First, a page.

WASHINGTON, October 20, 2022 – Martin Gruenberg, acting chairman of the Federal Deposit Insurance Corporation, on Thursday argued payment stablecoins would be safer if subjected to “prudential” – or risk-minimizing – regulation.
Speaking at a web event hosted by the Brookings Institution, Gruenberg outlined risks associated with cryptocurrencies – including market volatility and fraudulent behavior – and floated the introduction of “payment stablecoins,” which he said could be used for retail transactions.
“There has been considerable discussion and public debate regarding the benefits and risks associated with the development of a payment stablecoin for both domestic and international, cross-border payment purposes that is subject to prudential regulation,” said Gruenberg. “The main benefit given for the development of a payment stablecoin is the ability to offer cost-effective, real-time, around-the-clock retail and business payments.”
The value of stablecoins, a type of cryptocurrency designed to reduce price volatility, is tied to a reserve asset, such as the U.S. dollar. Stablecoins were developed to trade between other cryptocurrencies without “the need for converting into and out of fiat currencies,” Gruenberg said. Panelists at previous events argued for stablecoins potential ability to increase financial inclusion in the country, and its importance in the technology race with China.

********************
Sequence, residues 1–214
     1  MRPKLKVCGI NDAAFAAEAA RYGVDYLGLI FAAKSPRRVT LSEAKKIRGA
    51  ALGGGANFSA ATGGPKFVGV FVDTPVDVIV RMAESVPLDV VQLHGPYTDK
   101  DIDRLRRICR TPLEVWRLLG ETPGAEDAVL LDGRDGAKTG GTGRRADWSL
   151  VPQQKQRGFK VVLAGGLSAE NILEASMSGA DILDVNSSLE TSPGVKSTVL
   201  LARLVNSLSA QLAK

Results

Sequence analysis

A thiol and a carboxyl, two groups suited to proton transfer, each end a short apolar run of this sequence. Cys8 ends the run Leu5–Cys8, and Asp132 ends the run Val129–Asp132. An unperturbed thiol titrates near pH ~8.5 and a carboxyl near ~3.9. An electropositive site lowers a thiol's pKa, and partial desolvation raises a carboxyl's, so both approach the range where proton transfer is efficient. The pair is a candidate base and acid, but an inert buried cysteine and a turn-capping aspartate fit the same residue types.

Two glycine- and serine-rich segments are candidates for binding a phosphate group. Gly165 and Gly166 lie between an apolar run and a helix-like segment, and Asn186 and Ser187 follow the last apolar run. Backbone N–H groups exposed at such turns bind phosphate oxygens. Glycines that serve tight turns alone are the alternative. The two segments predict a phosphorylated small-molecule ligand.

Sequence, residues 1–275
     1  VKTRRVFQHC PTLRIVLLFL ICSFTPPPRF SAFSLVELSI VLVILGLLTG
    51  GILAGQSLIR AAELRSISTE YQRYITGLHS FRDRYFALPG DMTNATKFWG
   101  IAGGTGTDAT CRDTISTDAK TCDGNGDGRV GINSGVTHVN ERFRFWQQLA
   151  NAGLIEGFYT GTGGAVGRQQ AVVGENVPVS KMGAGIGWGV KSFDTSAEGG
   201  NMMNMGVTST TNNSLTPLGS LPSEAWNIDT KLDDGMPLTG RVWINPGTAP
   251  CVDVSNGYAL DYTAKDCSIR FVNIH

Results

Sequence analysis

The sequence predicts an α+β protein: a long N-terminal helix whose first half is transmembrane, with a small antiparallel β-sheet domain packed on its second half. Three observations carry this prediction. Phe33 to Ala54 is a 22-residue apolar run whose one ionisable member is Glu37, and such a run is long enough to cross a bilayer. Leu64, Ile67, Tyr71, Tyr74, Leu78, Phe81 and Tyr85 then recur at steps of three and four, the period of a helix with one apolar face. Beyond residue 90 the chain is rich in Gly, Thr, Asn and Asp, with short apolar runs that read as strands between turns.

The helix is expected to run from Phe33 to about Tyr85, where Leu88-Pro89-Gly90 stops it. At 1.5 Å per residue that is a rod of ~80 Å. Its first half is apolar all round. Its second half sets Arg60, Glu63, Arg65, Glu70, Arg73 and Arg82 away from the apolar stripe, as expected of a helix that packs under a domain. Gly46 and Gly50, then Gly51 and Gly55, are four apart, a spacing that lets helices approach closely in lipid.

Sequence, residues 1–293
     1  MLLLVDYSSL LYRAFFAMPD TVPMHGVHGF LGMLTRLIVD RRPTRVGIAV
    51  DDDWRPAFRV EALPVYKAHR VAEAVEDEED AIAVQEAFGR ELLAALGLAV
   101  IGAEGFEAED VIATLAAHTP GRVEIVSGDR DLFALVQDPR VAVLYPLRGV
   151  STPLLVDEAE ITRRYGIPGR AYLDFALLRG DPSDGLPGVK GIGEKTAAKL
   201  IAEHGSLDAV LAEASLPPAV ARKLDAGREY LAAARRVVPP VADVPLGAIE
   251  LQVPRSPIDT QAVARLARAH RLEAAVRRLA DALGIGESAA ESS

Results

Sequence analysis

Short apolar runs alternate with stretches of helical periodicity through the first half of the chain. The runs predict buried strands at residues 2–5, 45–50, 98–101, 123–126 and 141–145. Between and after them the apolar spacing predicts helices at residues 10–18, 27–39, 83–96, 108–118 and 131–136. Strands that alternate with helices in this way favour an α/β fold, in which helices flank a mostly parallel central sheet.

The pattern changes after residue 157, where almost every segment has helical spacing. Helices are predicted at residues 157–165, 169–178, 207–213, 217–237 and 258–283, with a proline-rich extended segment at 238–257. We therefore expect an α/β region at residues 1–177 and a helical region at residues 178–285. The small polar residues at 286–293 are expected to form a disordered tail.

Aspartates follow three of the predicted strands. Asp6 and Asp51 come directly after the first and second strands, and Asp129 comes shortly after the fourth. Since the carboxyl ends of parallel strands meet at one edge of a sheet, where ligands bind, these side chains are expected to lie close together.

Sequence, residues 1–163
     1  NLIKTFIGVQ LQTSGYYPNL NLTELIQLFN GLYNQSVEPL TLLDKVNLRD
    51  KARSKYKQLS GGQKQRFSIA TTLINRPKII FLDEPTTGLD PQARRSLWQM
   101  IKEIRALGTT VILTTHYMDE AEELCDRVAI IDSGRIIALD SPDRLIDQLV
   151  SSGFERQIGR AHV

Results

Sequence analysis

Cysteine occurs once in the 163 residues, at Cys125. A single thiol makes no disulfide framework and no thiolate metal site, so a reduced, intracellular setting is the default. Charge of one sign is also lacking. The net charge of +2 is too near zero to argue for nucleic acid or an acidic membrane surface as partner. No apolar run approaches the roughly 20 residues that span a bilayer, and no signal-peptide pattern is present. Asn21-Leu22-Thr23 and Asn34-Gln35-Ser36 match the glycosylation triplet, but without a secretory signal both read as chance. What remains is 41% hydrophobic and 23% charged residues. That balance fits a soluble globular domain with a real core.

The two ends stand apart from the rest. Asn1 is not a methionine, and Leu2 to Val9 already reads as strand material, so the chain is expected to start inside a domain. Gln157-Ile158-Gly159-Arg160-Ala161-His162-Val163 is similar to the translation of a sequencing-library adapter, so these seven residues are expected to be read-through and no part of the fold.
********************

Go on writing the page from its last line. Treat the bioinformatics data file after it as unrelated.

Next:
Part of the criteria for such stablecoins, Gruenberg further said, is that they be backed dollar-for-dollar by high-quality, short-dated United States treasury assets, and for the transactions to be conducted on well-regulated permissioned ledger systems.
A permissioned ledger system allows moderators to regulate who can participate in the network. In addition, participants are not anonymous, which, according to Gruenberg, is important for the safety of payment stablecoins. “The ability to know all the parties…that are engaging in payment stablecoin activities is critical to ensuring compliance with anti-money laundering and countering-the-financing-of-terrorism regulations and deterring sanction evasion,” he argued.
Because of the novel and complex nature of cryptocurrency, Gruenberg said, the FDIC should approach its regulation with thought and care. The FDIC issued a letter to its supervised banks that requested information on their cryptocurrency activities earlier this year, and Gruenberg said collaboration with banks would continue.
“There are important risks and policy concerns that will need to be taken into consideration before a payment stablecoin system is developed,” he said.